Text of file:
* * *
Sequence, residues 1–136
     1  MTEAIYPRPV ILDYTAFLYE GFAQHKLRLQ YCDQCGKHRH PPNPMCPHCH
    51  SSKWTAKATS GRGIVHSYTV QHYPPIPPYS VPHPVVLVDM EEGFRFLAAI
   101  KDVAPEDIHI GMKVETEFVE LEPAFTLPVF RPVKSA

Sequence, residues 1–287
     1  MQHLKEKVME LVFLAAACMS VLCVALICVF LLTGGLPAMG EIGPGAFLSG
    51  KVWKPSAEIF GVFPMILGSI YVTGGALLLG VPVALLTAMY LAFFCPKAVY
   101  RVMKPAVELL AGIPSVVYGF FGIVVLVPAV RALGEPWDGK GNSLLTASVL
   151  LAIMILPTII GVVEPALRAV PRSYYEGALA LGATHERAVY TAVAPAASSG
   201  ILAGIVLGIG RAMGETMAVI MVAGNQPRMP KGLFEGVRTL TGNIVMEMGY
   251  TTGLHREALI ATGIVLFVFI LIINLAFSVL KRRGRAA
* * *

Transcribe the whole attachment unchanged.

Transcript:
Sequence, residues 1–136
     1  MTEAIYPRPV ILDYTAFLYE GFAQHKLRLQ YCDQCGKHRH PPNPMCPHCH
    51  SSKWTAKATS GRGIVHSYTV QHYPPIPPYS VPHPVVLVDM EEGFRFLAAI
   101  KDVAPEDIHI GMKVETEFVE LEPAFTLPVF RPVKSA

Sequence, residues 1–287
     1  MQHLKEKVME LVFLAAACMS VLCVALICVF LLTGGLPAMG EIGPGAFLSG
    51  KVWKPSAEIF GVFPMILGSI YVTGGALLLG VPVALLTAMY LAFFCPKAVY
   101  RVMKPAVELL AGIPSVVYGF FGIVVLVPAV RALGEPWDGK GNSLLTASVL
   151  LAIMILPTII GVVEPALRAV PRSYYEGALA LGATHERAVY TAVAPAASSG
   201  ILAGIVLGIG RAMGETMAVI MVAGNQPRMP KGLFEGVRTL TGNIVMEMGY
   251  TTGLHREALI ATGIVLFVFI LIINLAFSVL KRRGRAA